Woman With Raspy Voice Has Had More Than 300 Surgeries to Treat Rare Vocal Cord Disease

Playing Woman With Vocal Cord Disease Fights for Her Dream

Those who encounter Morgan Toll might assume her raspy voice means she has a sore throat.

But the 28-year-old actress and teacher based in Maryland has actually been dealing with hoarseness all her life.

“It’s like clockwork. I know if I go out of the house, I’m going to be asked about my voice. ‘Oh, you have laryngitis,’ or you have the people that say, ‘You should drink lemon and tea, it will help,” Toll told InsideEdition.com. “I love my voice because it shows all of the things that I’ve been through and had to fight through to be alive.”

Toll has recurrent respiratory papillomatosis (RRP), a rare disease that mothers with human papilloma virus (HPV) can sometimes pass along to their children between pregnancy and birth.

“[RRP] is a viral disease of the vocal cords or larynx, the trachea and the lungs,” Dr. Simon Best, an otolaryngologist at Johns Hopkins Voice Center, told InsideEdition.com. “It’s caused by the low-risk HPV virus types 6 and 11.”

Like some strains of HPV, RRP can cause papillomas, or warts, that manifest themselves on the vocal cords instead of the genitalia. As papilloma grows on the vocal cords, the airway becomes more and more narrow.

“If papilloma patients die of the disease, and some of them do die, it’s because of the involvement of the trachea and the lungs,” Best said. “Eventually they just obstruct your breathing to the point where you suffocate.”

He explained about one or two in every 100,000 babies born can get RRP and there may be up to 10,000 cases in the United States. The disease is not contagious.

Because the disease is so rare, misdiagnoses happen often and could delay a patient’s path to treatment.

Toll was diagnosed with RRP as a baby and had her first surgery at 8 months old.

To date, she’s had more than 300 surgeries related to the diagnosis.

“There has been times when I was younger when I just stopped breathing and I had to be rushed to an ambulance,” she said. “They had to give me a trach [tube] because I almost went into cardiac arrest because I was so low on oxygen.”

Toll was about 5 or 6 years old when she had her first trach tube put in and had it taken out when she was about 12 years old, when doctors did a full reconstruction of her airway.

Because the papillomas kept growing back, Toll also had to have surgery nearly every week as a child.

“Getting laser surgery is painful,” Toll said. “It’s like having a really bad sore throat. You feel like your throat is on fire.”

What’s worse was the bullying, which Toll said she encountered often.

She was finally declared in remission after her reconstruction surgery but the symptoms came back when she was around 20 years old.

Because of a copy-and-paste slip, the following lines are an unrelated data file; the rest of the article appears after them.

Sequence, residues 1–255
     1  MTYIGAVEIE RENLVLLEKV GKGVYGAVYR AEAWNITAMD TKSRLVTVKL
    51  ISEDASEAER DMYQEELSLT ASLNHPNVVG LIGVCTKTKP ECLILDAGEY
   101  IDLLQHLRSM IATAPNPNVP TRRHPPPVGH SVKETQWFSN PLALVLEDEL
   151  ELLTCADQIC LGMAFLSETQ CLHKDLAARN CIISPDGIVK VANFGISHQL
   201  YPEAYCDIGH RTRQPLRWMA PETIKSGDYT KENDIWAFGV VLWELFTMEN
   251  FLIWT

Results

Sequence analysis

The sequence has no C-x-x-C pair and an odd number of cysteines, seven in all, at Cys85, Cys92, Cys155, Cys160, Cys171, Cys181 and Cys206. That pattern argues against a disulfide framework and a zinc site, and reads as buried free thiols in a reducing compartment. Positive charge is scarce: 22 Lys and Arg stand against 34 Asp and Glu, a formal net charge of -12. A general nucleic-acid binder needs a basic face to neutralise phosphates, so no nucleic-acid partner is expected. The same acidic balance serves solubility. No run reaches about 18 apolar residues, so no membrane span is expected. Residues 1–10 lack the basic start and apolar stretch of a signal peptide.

“I started noticing I was losing a lot of breath,” Toll said. “It was hard for me to walk across the room, it was hard for me to walk upstairs.”

That’s when she went to see Best, who said her airway was only 2 millimeters wide, which is about the same width as the thickness of two pennies stacked on top of each other

“When I first met her, her airway was so narrow it was unbelievable someone could be breathing through something so small,” Best said. “One of the consequences of RRP is the need for repeated surgeries in the vocal cords and the airways and while it can remove papillomas and improve breathing and the voice, it can eventually take its toll in terms of scar tissue and stenosis, or narrowing of the airway. That’s exactly what happened to Morgan.”

As an adult, Toll had to live with the stigma of using a trach and a T-tube, and now she no longer has vocal cords. She also struggles with following her passions despite her illness and monthly surgeries.

“It was so natural growing up with it – it didn’t feel like I was sick,” Toll said. “But as you get older, you realize all the things you’re missing just having to deal with the recovery process and surgery. Surgeries were not always the most comfortable thing with all the pain afterward.”

Especially difficult was pursuing her passions in acting. Toll said she often gets told that her voice and condition would make her only eligible to take on roles of hospital patients.

“It’s been hard for me as a person to be able to say, ‘This is who I am and this is what I want to do,’ when so many people have said to me, ‘you can’t do it,’” Toll said. “[I have] to have that courage to say that despite my voice and despite my illness, I can do anything I want to do.”

She said she is often compared to her younger sister, 21-year-old Olivia Holt, who starred in Disney series "Kickin’ It" and now plays a role on Marvel’s "Cloak & Dagger."

“I am extremely proud of her. I think she has worked so hard for what she has,” Toll said. “But I also have worked extremely hard. I’ve had friends and family members forget that I wanted to be an actress. So many people have said to me, ‘You want to be an actress, too, like your sister?’”

But Toll said she continues to pursue her goal, teaching younger kids to be passionate about acting and theater, and even developing her own web series, "Frankensitter."

“I play a lot of strong, villain-ish female leads,” Toll said. “I use my voice to that advantage as well because I have that deep, raspy voice.”

She hopes her story can encourage everyone to get vaccinated from HPV to prevent more children from being born with her disease.

“Here is a vaccine that can get rid of this horrible disease that affects children and adults to the point of death,” she said. “If every single person got the vaccine today, the RRP would be vanished from the world in the next generation.”

Toll also continues to hope researchers can come up with a cure.

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